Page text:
Fifteen Ways to Write a Novel Every year I get asked what I think about NaNoWriMo, and I don’t know how to answer, because I don’t want to say, “I think it makes you write a bad novel.” This is kind of the point. You’re supposed to churn out 50,000 words in one month, and by the end you have a goddamn novel, one you wouldn’t have otherwise. If it’s not Shakespeare, it’s still a goddamn novel. In Defense of Polymaths - Kyle Wiens by Kyle Wiens | 8:54 AM May 18, 2012 Polymath is one of those words more likely to show up on the SAT than in everyday conversation. But the reason we don’t use the word much these days has less to do with vocabulary than it has to do with practicality: there aren’t a lot of polymaths around anymore. In case you don’t have your pocket dictionary handy, a polymath is a person with a wide range of knowledge or learning. Think people like Leonardo da Vinci (artist and helicopter designer), Benjamin Franklin (founding father, inventor, and all-around lady-killer), Paul Robeson (scholar, athlete, actor, and civil rights activist), and even Steve Jobs (engineer, businessman extraordinaire, and marketing mastermind). Still, while we admire the select “geniuses” that can do it all, we tend to disparage the regular folk who attempt to spread their knowledge around a little.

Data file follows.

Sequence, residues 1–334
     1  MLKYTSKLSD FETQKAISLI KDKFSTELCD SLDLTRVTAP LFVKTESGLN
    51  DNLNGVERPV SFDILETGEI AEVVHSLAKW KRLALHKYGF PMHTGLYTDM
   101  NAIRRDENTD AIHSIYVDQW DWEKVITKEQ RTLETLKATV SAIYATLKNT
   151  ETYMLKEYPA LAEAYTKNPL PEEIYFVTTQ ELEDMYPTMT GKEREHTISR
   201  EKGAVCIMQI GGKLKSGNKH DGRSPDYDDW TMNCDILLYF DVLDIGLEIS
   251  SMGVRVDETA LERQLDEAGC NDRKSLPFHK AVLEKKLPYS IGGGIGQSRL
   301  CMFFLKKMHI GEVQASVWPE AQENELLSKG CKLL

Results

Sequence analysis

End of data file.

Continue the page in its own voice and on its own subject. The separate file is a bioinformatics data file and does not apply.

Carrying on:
Four Ways to Cut Your Novel's Draft (and Make Your Story Stronger) Image from Flickr by adrperez Is your novel looking a little bloated? Do you have a sneaking feeling you’ve repeated yourself a few times? 8 Essential Habits for Effective Writing When it comes to blogging we all know that content is king and keeping things updated is the number one priority. But how do you do that when you (at times literally) have a monkey on your back? Between children, coworkers, construction, and other c words that stand for chaos, it is a wonder we can get anything written at all.